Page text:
SYDNEY May 8 Australia will hold an inquiry
into competition in the country's financial system, following a
series of scandals in the banking sector and public allegations
against the "Big Four" banks of abuse of market power.
The latest inquiry is part of a number of government
measures since last year aimed at alleviating public concerns
about the power of the big banks, after revelations of
misconduct in the industry.
Australia's four major lenders - Commonwealth Bank of
Australia, Westpac Banking Corp, ANZ Banking
Group and National Australia Bank - have come
under fire recently following several scams involving misleading
financial advice, insurance fraud and interest-rate rigging, as
well as for refusing to pass on official interest rate cuts in
The four together control 80 percent of Australia's lending
market and have posted record profits for years. Westpac, NAB
and ANZ all reported a rise in half-yearly cash profits this
month, taking their total to about A$8.5 billion. CBA will
report limited third-quarter figures on Tuesday.
"The high concentration and degree of vertical integration
in some parts of the Australian financial system has the
potential to limit the benefits of competition...and should be
proactively monitored over time," Treasurer Scott Morrison said
in a statement on Monday.
"The Government is committed to ensuring that Australia's
financial system is competitive and innovative. That is why I
have tasked the Productivity Commission to hold an inquiry into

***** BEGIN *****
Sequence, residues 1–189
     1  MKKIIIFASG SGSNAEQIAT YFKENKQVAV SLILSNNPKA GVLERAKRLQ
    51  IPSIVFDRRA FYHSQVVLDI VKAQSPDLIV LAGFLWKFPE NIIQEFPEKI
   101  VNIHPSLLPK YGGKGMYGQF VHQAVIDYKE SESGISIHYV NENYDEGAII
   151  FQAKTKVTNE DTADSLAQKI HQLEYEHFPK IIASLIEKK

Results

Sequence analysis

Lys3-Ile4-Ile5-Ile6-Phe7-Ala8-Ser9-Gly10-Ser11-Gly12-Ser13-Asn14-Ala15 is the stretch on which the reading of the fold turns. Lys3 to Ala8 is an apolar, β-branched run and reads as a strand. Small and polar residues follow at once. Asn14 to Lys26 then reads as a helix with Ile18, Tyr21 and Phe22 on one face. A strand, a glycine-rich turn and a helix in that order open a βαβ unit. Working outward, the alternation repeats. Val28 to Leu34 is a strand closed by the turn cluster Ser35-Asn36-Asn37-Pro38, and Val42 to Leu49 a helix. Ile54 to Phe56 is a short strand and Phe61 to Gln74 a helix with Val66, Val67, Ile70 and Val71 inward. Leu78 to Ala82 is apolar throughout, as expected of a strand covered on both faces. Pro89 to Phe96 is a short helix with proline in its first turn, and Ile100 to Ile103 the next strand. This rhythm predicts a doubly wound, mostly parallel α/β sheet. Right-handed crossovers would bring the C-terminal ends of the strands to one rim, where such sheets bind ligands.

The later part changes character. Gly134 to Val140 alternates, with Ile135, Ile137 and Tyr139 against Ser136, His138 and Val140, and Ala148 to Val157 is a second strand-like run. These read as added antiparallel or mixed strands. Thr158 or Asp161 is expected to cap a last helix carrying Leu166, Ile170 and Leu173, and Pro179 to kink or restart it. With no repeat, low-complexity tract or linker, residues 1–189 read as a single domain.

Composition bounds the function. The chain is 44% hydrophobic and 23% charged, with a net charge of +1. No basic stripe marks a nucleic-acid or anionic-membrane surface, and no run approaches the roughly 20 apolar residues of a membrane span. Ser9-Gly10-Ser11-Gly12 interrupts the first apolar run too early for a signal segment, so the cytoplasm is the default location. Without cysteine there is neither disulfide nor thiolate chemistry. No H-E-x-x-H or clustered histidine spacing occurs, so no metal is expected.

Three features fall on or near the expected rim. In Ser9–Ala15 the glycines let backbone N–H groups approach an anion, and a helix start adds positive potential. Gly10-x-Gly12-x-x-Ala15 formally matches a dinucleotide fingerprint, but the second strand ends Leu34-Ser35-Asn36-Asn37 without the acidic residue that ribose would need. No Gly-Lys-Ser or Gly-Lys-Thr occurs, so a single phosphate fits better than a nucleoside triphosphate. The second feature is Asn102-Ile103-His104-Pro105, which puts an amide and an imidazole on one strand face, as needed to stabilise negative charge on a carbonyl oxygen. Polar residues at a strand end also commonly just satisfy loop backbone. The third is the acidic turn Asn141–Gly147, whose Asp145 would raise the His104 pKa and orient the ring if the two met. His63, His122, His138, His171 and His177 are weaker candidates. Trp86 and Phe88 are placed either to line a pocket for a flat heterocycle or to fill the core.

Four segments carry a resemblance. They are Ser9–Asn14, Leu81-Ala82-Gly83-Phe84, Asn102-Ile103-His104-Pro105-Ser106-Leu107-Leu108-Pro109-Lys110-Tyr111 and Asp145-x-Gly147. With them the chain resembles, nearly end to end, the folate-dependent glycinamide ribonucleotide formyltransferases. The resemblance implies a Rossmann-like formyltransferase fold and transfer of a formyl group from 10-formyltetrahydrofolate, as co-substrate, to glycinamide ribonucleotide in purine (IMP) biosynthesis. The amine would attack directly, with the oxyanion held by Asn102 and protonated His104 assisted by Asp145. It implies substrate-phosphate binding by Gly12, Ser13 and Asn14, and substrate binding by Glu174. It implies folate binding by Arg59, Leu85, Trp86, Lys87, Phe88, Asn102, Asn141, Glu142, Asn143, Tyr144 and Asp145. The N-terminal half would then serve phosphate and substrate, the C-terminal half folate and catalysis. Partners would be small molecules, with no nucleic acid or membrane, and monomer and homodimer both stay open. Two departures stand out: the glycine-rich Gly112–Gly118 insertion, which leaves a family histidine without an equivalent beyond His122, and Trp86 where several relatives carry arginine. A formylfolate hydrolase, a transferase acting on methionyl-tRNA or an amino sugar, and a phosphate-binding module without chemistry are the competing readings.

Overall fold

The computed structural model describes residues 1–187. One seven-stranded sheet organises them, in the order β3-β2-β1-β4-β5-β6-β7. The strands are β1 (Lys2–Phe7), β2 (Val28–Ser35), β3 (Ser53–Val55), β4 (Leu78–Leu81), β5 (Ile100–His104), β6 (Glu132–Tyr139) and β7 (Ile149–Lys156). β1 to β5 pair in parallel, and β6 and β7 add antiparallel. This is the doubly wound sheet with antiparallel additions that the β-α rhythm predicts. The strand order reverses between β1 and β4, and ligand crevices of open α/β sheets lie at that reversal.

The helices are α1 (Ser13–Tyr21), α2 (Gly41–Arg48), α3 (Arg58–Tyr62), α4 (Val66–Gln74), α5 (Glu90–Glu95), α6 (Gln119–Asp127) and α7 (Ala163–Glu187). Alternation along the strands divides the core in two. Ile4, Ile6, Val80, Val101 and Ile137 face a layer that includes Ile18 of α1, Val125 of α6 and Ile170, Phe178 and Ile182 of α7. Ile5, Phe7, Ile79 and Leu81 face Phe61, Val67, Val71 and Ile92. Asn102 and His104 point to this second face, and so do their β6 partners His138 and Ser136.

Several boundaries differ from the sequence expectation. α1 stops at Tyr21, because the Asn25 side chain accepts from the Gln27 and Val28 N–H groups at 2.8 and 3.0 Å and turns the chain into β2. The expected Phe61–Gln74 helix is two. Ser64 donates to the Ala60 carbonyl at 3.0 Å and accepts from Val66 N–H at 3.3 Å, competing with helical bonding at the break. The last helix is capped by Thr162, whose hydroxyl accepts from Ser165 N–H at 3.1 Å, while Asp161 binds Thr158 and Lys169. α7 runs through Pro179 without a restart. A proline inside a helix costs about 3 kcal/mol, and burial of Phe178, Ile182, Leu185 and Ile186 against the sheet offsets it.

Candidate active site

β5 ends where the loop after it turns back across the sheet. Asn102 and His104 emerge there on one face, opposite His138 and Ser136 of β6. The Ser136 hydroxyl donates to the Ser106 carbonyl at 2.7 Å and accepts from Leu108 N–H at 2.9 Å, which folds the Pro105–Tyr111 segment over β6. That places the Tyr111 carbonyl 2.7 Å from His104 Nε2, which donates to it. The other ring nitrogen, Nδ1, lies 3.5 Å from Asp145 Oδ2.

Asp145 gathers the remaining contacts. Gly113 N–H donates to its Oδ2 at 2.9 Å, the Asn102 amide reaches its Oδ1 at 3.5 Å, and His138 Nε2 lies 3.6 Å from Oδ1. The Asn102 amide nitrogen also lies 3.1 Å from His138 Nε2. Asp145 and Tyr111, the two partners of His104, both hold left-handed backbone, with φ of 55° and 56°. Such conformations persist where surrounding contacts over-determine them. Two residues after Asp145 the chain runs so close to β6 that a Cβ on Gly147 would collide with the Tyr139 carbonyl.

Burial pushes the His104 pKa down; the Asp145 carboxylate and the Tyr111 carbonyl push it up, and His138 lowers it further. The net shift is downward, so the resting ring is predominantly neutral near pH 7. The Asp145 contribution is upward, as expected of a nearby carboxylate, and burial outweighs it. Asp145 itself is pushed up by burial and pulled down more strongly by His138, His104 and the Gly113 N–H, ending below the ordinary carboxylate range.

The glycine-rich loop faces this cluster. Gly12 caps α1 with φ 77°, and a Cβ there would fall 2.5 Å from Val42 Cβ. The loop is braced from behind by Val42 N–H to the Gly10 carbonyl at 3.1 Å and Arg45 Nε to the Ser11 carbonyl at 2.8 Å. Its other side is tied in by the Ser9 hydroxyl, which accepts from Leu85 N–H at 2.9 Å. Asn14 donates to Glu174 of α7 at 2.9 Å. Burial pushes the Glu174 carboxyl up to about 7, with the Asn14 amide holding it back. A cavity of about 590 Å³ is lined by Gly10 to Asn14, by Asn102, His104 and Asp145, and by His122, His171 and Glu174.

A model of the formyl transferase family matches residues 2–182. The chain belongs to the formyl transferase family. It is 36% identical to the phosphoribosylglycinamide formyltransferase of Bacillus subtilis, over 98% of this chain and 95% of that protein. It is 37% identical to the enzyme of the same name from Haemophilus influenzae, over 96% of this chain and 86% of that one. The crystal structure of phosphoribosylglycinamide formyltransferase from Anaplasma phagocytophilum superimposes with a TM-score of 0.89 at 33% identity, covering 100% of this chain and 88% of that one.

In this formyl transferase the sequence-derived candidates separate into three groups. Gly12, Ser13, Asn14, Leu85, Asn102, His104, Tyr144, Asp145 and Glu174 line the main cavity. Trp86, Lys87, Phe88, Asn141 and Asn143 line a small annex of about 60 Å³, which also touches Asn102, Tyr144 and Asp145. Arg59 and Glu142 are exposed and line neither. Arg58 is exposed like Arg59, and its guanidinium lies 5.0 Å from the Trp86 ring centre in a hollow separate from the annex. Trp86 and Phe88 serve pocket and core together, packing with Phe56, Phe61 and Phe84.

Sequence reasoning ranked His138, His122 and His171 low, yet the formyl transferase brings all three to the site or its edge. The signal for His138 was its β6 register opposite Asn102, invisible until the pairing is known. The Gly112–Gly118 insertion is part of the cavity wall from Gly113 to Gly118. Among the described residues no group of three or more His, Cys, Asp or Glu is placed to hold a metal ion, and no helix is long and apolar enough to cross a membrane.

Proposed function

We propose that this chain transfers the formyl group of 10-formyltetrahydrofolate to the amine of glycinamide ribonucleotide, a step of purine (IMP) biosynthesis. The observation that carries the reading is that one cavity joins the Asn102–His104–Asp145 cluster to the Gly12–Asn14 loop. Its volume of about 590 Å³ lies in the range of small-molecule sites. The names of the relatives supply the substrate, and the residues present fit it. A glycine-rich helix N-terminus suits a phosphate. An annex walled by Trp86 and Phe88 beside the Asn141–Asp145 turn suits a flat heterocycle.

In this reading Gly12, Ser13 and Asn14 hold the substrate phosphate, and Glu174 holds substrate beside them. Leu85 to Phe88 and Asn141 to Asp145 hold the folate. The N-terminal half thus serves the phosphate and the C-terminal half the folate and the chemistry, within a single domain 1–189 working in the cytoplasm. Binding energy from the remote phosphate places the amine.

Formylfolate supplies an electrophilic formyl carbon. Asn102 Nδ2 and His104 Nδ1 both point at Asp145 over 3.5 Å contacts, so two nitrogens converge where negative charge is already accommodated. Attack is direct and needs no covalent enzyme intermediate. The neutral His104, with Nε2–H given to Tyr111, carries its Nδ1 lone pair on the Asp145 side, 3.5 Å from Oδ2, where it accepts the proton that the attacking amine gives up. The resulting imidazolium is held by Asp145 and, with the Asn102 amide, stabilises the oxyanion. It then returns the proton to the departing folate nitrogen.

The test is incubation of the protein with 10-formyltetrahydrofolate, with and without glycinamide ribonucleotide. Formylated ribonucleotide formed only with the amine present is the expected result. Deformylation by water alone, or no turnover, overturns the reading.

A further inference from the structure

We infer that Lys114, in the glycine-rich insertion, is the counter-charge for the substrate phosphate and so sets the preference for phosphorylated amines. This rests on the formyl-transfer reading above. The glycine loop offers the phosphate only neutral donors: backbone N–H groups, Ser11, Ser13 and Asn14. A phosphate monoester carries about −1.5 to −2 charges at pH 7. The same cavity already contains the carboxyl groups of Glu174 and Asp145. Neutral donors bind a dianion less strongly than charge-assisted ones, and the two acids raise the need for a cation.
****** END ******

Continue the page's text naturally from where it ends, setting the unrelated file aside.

competition in Australia's financial system."
The inquiry will consider the degree of concentration in key
segments of the financial system, examine barriers to innovation
in the system and look into competition in personal deposits and
mortgages for households and small businesses.
The Productivity Commission will commence the inquiry on
July 1, and the final report is likely to be presented to the
government within 12 months of that, Morrison said.
Last year, the government used its one-seat majority in
parliament to avoid a sweeping Royal Commission into banks but
later announced a limited inquiry targeting mistreatment of
small business customers. The government also beefed up the
corporate watchdog's powers, ordered bank chiefs to make annual
appearances before parliament's economics committee and promised
a tribunal to examine citizen complaints.
Australian banks have themselves promised unprecedented
reforms to protect consumers and boost transparency, including
reviewing sales commissions, supporting whistle-blowers and
black-listing individuals for poor conduct.
(Reporting by Swati Pandey; Editing by Sam Holmes)